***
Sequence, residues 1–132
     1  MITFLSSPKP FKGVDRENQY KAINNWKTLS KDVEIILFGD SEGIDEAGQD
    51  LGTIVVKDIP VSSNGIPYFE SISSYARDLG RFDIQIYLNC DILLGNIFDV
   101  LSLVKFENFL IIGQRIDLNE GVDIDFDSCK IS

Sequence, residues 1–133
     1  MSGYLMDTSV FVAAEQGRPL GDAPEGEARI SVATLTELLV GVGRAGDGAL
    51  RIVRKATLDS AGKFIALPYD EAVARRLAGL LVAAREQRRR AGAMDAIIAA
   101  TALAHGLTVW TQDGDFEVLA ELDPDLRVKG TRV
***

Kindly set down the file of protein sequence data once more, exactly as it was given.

Sequence, residues 1–132
     1  MITFLSSPKP FKGVDRENQY KAINNWKTLS KDVEIILFGD SEGIDEAGQD
    51  LGTIVVKDIP VSSNGIPYFE SISSYARDLG RFDIQIYLNC DILLGNIFDV
   101  LSLVKFENFL IIGQRIDLNE GVDIDFDSCK IS

Sequence, residues 1–133
     1  MSGYLMDTSV FVAAEQGRPL GDAPEGEARI SVATLTELLV GVGRAGDGAL
    51  RIVRKATLDS AGKFIALPYD EAVARRLAGL LVAAREQRRR AGAMDAIIAA
   101  TALAHGLTVW TQDGDFEVLA ELDPDLRVKG TRV